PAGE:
“Jupiter probably formed first. It’s the largest of all the planets and in fact it’s got more material in it than all the rest of the solar system combined. If I took everything in the solar system except the sun, it could all fit inside Jupiter. So we want to know the recipe.”

Watch for my continuing updates and on-site launch coverage of Juno, only the 2nd probe from Earth to ever orbit Jupiter. Galileo was the first.

Tagged as: Atlas V, Juno mission, Jupiter, radiation, solar power, Solar System, Space Exploration


Hoping Forward At The End Of The Shuttle Era

by Jason Rhian on July 22, 2011 from

Space shuttle Atlantis wraps up the shuttle program with an early morning return to Kennedy Space Center in Florida. Photo Credit: Mike Deep for Universe Today

CAPE CANAVERAL Fla. — The last space shuttle mission, STS-135, ended with the landing of the shuttle Atlantis at Kennedy Space Center’s Shuttle Landing Facility at 5:57 a.m. EDT. The air was thick with both humidity and mosquitoes. It was also a day thick with loss. The United States, for the foreseeable future, has lost the ability to launch massive payloads, such as the International Space Station’s Kibo module, into orbit. Lost the capabilities that a manned spacecraft with a robot manipulator system or RMS affords. Lost the ability to chase down wayward satellites, repair them on-orbit or return them to Earth for more intensive work. Lost, at least for the time being, its leadership position in terms of space flight – that position now belongs to Russia with its human-rated Soyuz Spacecraft and unmanned Progress Cargo vessels.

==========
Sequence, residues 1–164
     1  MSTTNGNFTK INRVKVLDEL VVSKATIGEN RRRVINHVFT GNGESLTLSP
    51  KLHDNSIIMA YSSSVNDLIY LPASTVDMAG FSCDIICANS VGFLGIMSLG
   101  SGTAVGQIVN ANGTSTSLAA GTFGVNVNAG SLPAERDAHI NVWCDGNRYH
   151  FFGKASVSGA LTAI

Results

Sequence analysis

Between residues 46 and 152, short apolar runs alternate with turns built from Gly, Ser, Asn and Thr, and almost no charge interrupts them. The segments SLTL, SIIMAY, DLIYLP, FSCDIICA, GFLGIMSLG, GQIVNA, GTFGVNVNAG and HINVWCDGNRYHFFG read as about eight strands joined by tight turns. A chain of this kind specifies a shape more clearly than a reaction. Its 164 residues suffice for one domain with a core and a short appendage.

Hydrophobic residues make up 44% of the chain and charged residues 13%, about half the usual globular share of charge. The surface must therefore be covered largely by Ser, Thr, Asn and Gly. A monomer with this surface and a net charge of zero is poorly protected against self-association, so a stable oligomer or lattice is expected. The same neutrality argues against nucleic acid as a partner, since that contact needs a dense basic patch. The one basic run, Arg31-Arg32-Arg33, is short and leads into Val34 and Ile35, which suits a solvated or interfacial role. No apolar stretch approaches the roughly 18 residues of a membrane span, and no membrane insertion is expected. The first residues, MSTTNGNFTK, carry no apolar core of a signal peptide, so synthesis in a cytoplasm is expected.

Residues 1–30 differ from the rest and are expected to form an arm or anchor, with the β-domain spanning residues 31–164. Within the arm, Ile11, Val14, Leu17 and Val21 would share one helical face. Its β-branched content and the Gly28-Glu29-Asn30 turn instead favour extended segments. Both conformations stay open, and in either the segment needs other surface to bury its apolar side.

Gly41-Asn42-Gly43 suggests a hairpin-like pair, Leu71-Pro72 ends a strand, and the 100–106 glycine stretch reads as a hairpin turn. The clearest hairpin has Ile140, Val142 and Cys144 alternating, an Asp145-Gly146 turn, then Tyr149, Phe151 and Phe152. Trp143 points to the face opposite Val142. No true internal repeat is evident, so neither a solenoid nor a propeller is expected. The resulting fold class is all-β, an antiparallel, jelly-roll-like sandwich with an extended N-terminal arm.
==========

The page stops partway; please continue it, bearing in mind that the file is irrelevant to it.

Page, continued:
NASA is working to put a positive spin on this new era. The space agency hopes that small, commercial space firms will provide the nation with the capacity to send men and material to orbit as it works to travel beyond low-Earth-orbit (LEO) once again. Only time will tell how successful this direction will be, but there are positive signs that NASA might be on the right path. Following the space program for decades – you learn to hedge your bets. Today’s SpaceX is tomorrow’s Constellation Program.

After 30 years, the shuttle program came to a close Thursday July 21, 2011 at 5:58 a.m. EDT. Photo Credit: NASA